St. Clair County was honored last week for having the “Top Drug Court Program” in Alabama. The state’s Administrative Office of the Courts honor was presented by Alabama Criminal Court of Appeals Judge Michael Joiner during a Drug Court conference. The recognition came as a pleasant surprise to the county’s drug court team and to Circuit Court Judge Phil Seay, who heads up the program for the county.
The nation’s first drug court was established in Miami-Dade County, Fla., in 1989. Frustration over repeat drug offenders brought about new ideas and new procedures for dealing with people arrested for non-violent drug offenses. They decided to combine drug treatment with the structure and authority of the judge, and working as a team, they were able to bring about lasting changes in the lifestyle and behavior of the participants.
Within 10 years of the establishment of that first program, 492 programs had been established across the country. Today more than 2,700 drug courts are in place, using a kind of “tough love” approach to give people a chance to rethink their choices in life.
It doesn’t work for everyone, but the odds are good. The National Association for Drug Court Professionals claims a success rate around 85 percent nationally.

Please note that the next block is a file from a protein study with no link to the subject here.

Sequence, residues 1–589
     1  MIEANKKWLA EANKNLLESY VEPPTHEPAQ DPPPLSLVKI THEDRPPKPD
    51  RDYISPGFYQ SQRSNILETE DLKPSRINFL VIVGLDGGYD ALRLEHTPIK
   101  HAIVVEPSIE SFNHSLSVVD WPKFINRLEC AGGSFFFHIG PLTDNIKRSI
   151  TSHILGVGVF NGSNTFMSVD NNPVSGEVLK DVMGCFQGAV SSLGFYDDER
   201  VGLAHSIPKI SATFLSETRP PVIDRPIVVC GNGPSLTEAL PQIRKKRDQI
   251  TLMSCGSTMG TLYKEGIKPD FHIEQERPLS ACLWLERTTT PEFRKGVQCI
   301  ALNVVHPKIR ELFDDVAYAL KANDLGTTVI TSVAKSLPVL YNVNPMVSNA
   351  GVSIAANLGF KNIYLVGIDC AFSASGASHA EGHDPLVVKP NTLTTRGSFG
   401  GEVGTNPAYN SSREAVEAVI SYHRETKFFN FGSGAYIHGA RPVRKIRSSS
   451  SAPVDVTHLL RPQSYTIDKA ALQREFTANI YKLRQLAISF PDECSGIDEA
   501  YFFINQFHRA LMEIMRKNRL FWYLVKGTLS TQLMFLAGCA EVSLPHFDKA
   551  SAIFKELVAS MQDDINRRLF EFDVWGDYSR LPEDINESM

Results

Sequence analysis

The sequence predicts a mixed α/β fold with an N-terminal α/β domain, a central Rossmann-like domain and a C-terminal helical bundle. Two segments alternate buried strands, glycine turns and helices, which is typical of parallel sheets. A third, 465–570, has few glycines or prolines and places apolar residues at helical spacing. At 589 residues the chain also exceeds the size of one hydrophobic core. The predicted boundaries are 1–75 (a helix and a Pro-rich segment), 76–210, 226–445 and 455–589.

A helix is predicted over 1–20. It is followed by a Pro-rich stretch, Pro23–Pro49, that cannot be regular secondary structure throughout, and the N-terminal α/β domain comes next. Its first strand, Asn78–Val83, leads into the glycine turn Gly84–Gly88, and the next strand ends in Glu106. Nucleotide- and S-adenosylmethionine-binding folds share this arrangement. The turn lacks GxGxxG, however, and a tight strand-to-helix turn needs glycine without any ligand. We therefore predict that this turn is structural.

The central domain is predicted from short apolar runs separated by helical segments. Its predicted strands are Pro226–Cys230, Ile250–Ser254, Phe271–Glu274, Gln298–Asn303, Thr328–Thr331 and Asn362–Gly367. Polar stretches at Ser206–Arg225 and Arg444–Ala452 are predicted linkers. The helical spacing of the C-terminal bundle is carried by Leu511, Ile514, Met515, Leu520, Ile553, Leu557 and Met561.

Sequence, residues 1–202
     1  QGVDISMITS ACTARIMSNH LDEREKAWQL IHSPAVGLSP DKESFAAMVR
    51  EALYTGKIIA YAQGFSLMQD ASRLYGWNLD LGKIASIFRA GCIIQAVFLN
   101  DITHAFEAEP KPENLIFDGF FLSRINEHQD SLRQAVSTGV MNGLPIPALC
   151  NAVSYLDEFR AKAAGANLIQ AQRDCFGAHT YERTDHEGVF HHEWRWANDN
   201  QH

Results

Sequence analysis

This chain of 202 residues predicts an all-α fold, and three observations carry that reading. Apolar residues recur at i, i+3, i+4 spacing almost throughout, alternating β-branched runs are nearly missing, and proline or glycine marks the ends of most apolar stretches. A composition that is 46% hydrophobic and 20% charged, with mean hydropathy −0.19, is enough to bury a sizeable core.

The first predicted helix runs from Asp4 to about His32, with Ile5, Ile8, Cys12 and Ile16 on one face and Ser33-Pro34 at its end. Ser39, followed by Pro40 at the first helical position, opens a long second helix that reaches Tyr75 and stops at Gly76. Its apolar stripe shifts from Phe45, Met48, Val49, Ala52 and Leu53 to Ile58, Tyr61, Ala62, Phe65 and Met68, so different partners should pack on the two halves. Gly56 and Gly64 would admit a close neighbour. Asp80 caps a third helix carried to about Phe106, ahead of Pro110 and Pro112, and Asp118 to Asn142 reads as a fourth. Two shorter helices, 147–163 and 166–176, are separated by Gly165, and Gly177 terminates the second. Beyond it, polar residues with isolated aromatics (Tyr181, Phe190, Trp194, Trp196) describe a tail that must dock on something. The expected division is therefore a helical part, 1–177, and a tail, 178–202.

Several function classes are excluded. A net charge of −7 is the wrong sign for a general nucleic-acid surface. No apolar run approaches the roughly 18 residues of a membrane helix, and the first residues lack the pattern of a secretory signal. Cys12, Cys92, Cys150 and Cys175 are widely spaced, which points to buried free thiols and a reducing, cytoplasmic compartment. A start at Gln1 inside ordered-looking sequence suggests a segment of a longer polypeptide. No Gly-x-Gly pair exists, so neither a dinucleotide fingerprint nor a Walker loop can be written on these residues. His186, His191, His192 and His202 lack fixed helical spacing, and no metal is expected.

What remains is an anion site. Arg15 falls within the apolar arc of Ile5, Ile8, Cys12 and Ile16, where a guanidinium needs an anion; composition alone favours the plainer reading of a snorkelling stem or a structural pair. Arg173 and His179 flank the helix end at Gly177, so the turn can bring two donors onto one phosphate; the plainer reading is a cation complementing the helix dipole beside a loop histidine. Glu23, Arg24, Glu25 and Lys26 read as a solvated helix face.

Drug courts are also touted as a cost-saving measure. Participants pay their own way in the program. Instead of being locked up and burdening society with the cost of their incarceration, they are required to maintain employment, pay to participate in the program and pay all fines, restitutions and other costs.
It’s a voluntary, 12-month program. St. Clair County’s program is designed for first-time offenders in which the crimes are directly related to drug addiction. Offenders with minor criminal histories and a current possession charge may petition the District Attorney’s office to enter the program. The objective is to have the case dismissed upon successful completion of the program, but not all offenders are approved for dismissal of their case.
It’s a stark choice — abide by the program or go to prison.
Drug courts aren’t without their critics, and they do add to the workload of those in the justice system. The courts aren’t available in every jurisdiction, and simply having a drug court in place doesn’t guarantee its success. It takes good organization, commitment, and an appropriate level of staffing to make it work well.
St. Clair County established its program in 2007 as an option for qualifying juveniles and adults get the opportunity to change the course of their lives. Of the 95 graduates since 2008, the year the first group graduated, the county has had no repeat offenders. Another 45 people are in the class now.
The state recognition is worthy confirmation of a program that’s getting the job done.